On A-Yard– prison receiving– the library was closed to us.
I sold a bag a coffee for a Koontz book and first dibs on a story about a raccoon. It was my only bag of coffee for the month. The women in my room traded lunches for book dibs. There was no library access, and the books sent our way were held back for months in the shipping room, often not arriving till we left.
I stopped a correctional officer, one of my favorites, from throwing away a book that was left outside after an emergency lockdown. Tears ran down my face, and he paused. “There are pages missing,” he explained as he lifted it out of the trash, and I thought that I must look like a beggar to him. I thought of the stories I heard growing up, about children stealing the wrappers of candy bars from the trashcans of tourist-trap hotels so they could lick the chocolate residue up. I thought of the people lying under stained blankets because any warmth was better than none on a cold night in the streets of LA. In that moment, it doesn’t matter what it looks like to anyone else, or even yourself on a different day. I reached out, and the book that smelled like trash, with pages missing, was placed in my hands. I took it immediately back to my room where my cellmates and I read through it time and time again.
Later that week, I met a staff member who lent me a copy of The New Yorker, September 2014, and I read every word in there until it was memorized, and then again. Many days, it was the only thing I was able to read, and certainly it was one of the few writings that could mentally engage me, at the level to which I was accustomed.
Our room was tossed one day — slang for when the officers come through and shuffle everything around looking for contraband. The mattresses were on the ground, our clothes knocked everywhere, but my New Yorker was set carefully to the side, because everyone knows how precious something like that is in a place like that. Even officers.
It is chocolate, to a starving belly, it is a cashmere blanket on the streets of a city forgotten by everyone but the rain. It is luxury and deepest need.
There’s a shortage of books, always, even as you proceed forward– even as the experience gets better– and the breadth covered in those books is limited.
We’re cold there, sometimes– hungry, often– and questing for knowledge and the warmth of human wordings, always.
It wasn’t just me, it was my 65 year old white bunky with a 3rd grade education, and my 32 year old black transgender friend who loved her Honda, and that daughter of a Navy captain, and the teenage mom with a cat named Seaweed, and the girl who saw her husband murdered months before being arrested, and everyone.
Just because we didn’t have an opportunity to expand our minds, doesn’t mean there wasn’t a want.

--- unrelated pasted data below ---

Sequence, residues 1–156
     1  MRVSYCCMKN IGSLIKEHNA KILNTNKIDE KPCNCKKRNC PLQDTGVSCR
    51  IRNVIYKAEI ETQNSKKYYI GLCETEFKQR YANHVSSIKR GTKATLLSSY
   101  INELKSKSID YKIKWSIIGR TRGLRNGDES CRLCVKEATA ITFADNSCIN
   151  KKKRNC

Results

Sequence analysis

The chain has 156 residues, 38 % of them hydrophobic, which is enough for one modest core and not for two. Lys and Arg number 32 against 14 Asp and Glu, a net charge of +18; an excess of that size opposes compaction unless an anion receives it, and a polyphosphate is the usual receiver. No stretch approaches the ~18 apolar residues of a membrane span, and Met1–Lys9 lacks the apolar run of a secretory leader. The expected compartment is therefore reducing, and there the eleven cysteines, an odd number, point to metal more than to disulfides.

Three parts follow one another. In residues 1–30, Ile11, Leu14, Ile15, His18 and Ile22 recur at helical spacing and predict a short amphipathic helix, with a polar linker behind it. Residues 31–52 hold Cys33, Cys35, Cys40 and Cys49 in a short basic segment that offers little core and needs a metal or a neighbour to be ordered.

I understand the confusion because it’s easy to see the outcome. Some women have spent years learning not to let those tears fall, not even for deepest need. Some women don’t have my superpower of finding the best of people everywhere. Some women don’t have family out here who can send money for them to buy coffee that they can trade for the most coveted possessions.
What you see as a “normal inmate” is a result, and you’re assuming a causation, and the intent behind that causation.
And you are wrong.
You don’t know, you didn’t know, and maybe– maybe– you couldn’t have known.
But now you do.
I was a normal inmate, but I had an abnormally wondrous network outside, and that accounts for most of the differences you can see with your naked eye. From where you’re standing, the gates outside that place can’t be seen, and certainly can’t be smelled or tasted. I am doing my best to stand where you are, to wash the taste of cuffs and barriers from my life– but while I still wear the shackles, mental if not physical, I want to use the clarity to shine a little light for you.
There’s a vacuum in prisons and it tries to suck down the quest for More or Better. There’s a shortage of words and it eats Hope.
But we come home anyway. Maybe it doesn’t look like we tried there, because we were so busy surviving there, but as someone who lived inside those gates– let me assure you–
We tried. All of us. Even when there were no words.
If you feel like we could have done better, like I did better than most, then give those girls inside what I had– reach your heart in, and carry one of them wit you. Or at least support the ones who do.
90% of the books I read in my time there came from the Women’s Prison Book Project, including the copy of Sherlock Holmes that I sobbed into when I learned of Dave’s death, and the dictionary I read numbly when I learned of my grandma’s death, and the little story of a hike through the Appalachians that bonded me to women who would protect and love and brighten me for days to come.
Words are magical, and as rare as magic inside the cage. There’s a lack of substance, not a lack of want.
I was luckier, not better, and it’s important you know that because we– those of us walking in freedom– can do better, but we won’t if we keep pretending that we know the women who are in there. We won’t if we keep pretending that we know what their punishment is, or what is right and fair and productive in the pursuance of that punishment.
All we know is what we see, from our very safe distance away.
So sit next to me, and let me tell you what I saw there, while I still see it oh-so-clearly.
Listen, to the words I say, and all the things I can’t. Listen to the spaces where there should have been magic, where there could have been stories. Let me give you some of the characters that take up so much space in my heart, so you can mix in your gut responses and brilliant thoughts. Let’s start a story that takes us through all the things we still need to know.
So maybe we can know More.
So maybe we can do Better.
we can be More.
… no matter where we live, relative to the cage.